Featured Research

from universities, journals, and other organizations

Improved gluten-free bread

Date:
May 26, 2010
Source:
Teagasc
Summary:
Researchers in Ireland are producing tasty, nutritious gluten-free breads for coeliac disease sufferers. The research focused on using the so-called ‘pseudocereals’ amaranth, quinoa and buckwheat to replace wheat in bread formulations. These cereals are gluten-free, and are also rich in nutrients; therefore, their incorporation in the gluten-free diet could not only add variety but also improve nutritional quality.

The bread loaves (clockwise from top left): 1 = gluten-free control, 2 = quinoa, 3 = amaranth, 4= buckwheat.
Credit: Image courtesy of Teagasc

Researchers at Teagasc Food Research Ashtown in Ireland are producing tasty, nutritious gluten-free breads for coeliac disease sufferers.

The research focused on using the so-called 'pseudocereals' amaranth, quinoa and buckwheat to replace wheat in bread formulations. These cereals are gluten-free, and are also rich in nutrients; therefore, their incorporation in the gluten-free diet could not only add variety but also improve nutritional quality.

"Greater public awareness and improved diagnostic procedures have combined to highlight the prevalence of coeliac disease and gluten intolerance in the general population, which is estimated to affect 1 per cent of the population. The only accepted treatment for coeliac disease is a strict, life-long elimination of gluten from the diet," explains Dr Eimear Gallagher, Teagasc Food Research Ashtown, who is leading the research project.

Many widely consumed staples, such as bread and pasta, are made using gluten-containing grains such as wheat, which must be avoided by coeliac patients. Although gluten-free alternatives are readily available in the market, these products are often characterised by a crumbly, brittle texture, and are perceived as being of inferior quality compared to the wheat products they are intended to replace. In addition to quality defects, gluten-free foods are also characterised by an inferior nutritional quality. They have been reported to contain lower levels of essential nutrients such as B vitamins, iron and fibre, than are contained in wheat products. This is mainly due to the fact that gluten-free products are generally formulated with starches and refined flours, and are not usually fortified.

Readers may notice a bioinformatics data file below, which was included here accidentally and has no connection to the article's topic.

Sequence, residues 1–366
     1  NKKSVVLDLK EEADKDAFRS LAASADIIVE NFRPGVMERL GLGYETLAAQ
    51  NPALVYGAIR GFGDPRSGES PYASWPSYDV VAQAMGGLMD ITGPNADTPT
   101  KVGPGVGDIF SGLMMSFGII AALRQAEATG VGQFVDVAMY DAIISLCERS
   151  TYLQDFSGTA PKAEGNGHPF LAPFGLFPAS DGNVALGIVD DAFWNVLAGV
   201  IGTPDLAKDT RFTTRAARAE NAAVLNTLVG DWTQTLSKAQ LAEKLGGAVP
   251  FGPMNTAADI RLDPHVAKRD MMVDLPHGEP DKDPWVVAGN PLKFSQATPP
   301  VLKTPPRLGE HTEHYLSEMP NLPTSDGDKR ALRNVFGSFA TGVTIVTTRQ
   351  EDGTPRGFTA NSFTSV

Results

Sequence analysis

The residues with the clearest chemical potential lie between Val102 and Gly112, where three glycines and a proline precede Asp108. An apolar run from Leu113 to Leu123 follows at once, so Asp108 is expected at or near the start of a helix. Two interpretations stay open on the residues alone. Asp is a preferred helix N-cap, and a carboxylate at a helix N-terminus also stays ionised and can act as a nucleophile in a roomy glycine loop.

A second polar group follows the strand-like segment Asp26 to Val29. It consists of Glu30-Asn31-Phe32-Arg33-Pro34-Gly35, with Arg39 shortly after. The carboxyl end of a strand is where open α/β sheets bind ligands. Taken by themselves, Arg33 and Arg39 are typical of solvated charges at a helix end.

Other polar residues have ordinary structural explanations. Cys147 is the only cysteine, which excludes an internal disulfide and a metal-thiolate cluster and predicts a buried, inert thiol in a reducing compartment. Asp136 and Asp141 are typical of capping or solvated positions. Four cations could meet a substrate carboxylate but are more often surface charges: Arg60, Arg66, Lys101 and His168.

Research at Teagasc Food Research Ashtown has addressed some of the nutritional needs of coeliacs by formulating palatable, gluten-free breads with enhanced nutritional properties. It has focused on using the so-called 'pseudocereals' amaranth, quinoa and buckwheat to replace wheat in bread formulations. These cereals are gluten-free, and are also rich in nutrients; therefore, their incorporation in the gluten-free diet could not only add variety but also improve nutritional quality.

"Other characteristics of these seeds, such as their high protein, fibre and mineral content, as well as the presence of many bioactive components (compounds with beneficial effects on the body), make them attractive alternatives to traditional gluten-free ingredients (such as rice, potato and corn flours/starches) in the production of high quality, healthy gluten-free product," explains Dr Gallagher.

Tasty nutritious gluten-free bread

"All pseudocereal-containing gluten-free breads had a significantly softer crumb in comparison with the gluten-free control. Nutritional studies revealed that gluten-free breads containing pseudocereals had significantly higher levels of protein and dietary fibre in comparison with the gluten-free control. The nutritional value of these breads was also in line with the existing nutritional recommendations for coeliac diets and coeliac products. Also, all of the pseudocereal breads showed significantly higher antioxidant activity and polyphenol content compared with the gluten-free control," explains Dr Gallagher. Antioxidants prevent food oxidation during cooking and storage, and can also protect the body from degenerative diseases.